RS: I think we’re the last to carry them. They’re actually very flattering, because they do elongate the body. The rowing blazers are very dark and sophisticated, in English lambswool. We try as much as possible to use UK-based mills. Our stylings and patterns are timeless, and we want our fabrics to last. The pendulum moves back and forth, and I think right now Ivy has a resurgence. I won’t put prep in the same sentence, because I think people right now are mixing that with streetwear for the cool factor. Jack Carlson at Rowing Blazers is doing a great job for the specific market he wants. I do think you may look at that stuff 10 years from now, whereas this stuff you won’t, but that’s the fashion customer and they want to look on trend. We’re going after a guy who always wants to look appropriate, even if he wears one of our jackets with jeans. In knit ties we have 24 styles this fall, and you put them with a tartan shirt and they look great. We want to be the home for the classics, staples, and timeless styles, with good quality in the country of origin where they’ve always been made. An Irish fisherman’s sweater is made in Ireland.
IS: Are you noticing market change in regards to suits and ties?
RS: We probably sell three jackets to every one suit. Our sportcoat business is very, very strong. We carry very unique patterns; others are using the same handful of Italian mills, so they all look the same, from the low end to the high.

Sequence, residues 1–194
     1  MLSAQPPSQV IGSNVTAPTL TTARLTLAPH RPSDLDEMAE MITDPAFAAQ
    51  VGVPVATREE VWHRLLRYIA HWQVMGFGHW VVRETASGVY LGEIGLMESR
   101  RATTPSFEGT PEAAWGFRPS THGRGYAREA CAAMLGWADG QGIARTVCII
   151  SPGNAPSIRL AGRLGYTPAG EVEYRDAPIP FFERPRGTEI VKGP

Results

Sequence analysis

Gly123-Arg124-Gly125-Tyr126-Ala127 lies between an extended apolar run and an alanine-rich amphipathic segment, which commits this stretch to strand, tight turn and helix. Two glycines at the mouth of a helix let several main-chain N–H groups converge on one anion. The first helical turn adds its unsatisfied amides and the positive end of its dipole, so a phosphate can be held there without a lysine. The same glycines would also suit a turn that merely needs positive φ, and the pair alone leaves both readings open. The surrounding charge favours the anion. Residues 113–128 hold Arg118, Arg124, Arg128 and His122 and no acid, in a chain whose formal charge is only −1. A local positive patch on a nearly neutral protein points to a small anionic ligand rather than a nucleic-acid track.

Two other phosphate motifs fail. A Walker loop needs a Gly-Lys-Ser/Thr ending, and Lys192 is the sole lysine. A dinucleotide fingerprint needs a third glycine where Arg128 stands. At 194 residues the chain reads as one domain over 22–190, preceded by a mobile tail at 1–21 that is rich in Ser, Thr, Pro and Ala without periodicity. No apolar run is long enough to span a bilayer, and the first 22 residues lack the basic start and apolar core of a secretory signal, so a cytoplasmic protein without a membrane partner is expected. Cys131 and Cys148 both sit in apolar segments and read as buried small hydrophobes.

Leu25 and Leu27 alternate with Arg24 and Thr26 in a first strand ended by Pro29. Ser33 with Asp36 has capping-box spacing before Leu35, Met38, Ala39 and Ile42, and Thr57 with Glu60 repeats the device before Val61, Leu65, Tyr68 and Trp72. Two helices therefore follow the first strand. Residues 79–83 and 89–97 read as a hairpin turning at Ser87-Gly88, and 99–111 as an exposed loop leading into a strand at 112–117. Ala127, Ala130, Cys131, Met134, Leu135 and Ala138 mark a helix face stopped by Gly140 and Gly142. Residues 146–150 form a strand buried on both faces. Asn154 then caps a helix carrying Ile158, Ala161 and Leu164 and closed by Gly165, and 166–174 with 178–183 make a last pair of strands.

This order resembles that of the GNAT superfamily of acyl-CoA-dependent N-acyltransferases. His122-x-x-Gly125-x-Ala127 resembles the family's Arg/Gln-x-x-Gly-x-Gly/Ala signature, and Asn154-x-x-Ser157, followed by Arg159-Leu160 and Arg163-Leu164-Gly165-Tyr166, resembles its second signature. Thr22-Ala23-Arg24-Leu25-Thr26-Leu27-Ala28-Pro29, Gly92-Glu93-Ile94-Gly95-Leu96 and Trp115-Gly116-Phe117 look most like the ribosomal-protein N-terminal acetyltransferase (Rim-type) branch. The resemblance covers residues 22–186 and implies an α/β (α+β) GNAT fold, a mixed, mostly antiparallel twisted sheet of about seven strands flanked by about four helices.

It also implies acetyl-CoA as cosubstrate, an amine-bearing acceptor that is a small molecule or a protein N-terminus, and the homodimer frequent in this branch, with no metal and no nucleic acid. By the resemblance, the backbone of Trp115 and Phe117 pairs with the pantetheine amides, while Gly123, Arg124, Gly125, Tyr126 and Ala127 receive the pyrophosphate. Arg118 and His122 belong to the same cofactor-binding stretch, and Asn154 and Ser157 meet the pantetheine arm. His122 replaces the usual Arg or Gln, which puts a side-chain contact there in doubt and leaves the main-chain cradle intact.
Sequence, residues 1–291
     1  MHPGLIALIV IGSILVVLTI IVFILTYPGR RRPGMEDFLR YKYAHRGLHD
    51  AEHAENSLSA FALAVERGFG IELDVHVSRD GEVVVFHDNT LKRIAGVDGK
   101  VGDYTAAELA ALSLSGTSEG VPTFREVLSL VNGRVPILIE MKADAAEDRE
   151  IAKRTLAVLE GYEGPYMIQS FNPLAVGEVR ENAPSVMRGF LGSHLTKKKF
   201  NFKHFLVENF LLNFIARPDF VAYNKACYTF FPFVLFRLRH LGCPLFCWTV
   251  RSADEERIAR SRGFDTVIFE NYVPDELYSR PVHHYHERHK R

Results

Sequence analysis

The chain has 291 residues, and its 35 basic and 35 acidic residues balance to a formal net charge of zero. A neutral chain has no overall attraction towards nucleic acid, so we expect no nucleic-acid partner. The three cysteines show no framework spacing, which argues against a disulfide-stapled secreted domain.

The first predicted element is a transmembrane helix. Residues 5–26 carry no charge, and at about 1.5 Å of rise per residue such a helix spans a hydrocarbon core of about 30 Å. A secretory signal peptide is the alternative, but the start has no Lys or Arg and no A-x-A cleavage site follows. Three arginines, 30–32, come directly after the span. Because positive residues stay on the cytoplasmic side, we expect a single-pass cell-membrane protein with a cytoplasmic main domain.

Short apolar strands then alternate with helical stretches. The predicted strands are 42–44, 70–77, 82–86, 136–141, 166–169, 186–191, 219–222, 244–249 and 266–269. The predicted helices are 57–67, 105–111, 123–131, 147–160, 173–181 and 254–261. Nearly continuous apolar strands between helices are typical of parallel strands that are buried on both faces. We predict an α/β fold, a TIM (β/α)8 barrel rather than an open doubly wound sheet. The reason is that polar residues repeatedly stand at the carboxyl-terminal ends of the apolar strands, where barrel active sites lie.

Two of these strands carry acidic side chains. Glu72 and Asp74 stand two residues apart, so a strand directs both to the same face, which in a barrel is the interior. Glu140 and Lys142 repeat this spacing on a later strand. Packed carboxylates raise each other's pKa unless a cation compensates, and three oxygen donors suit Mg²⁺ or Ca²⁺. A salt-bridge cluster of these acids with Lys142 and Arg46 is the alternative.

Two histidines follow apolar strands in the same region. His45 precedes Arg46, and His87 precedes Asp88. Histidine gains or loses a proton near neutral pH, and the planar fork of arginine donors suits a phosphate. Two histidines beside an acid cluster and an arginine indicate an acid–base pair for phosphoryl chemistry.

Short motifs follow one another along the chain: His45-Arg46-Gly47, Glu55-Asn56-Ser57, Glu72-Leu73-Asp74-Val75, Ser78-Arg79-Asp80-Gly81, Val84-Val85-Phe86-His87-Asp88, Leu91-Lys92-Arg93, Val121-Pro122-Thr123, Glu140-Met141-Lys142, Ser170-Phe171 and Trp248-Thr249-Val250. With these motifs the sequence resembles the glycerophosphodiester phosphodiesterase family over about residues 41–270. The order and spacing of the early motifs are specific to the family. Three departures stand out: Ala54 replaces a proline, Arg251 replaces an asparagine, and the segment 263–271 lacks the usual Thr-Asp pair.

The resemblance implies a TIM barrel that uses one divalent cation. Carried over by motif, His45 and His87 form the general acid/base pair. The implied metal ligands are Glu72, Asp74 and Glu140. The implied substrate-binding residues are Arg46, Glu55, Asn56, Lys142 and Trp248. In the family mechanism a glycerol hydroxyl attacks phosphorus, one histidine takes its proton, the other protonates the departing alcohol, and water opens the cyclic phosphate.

IS: Most of them are also responding to trend reports, with the mills supplying the taste for the fabric, whereas your style is directed from within, as Brooks Brothers used to be.
RS: That, and the fact that I can be very targeted to a specific customer. When you have 130 stores plus 130 outlets, I don’t know that there’s enough of a demand for the look that we all love and have always expected from Brooks Brothers. I think they’re trying to go with what they think they can sell to the masses. For better or worse, that has been coming for the past 30 years: American watered-down Italian fashion. From an obsolescence point of view it’s not the best business model: if someone buys a jacket and it lasts for 25 years, there’s no reason for them to buy another one. We’re hoping they realize the cost value.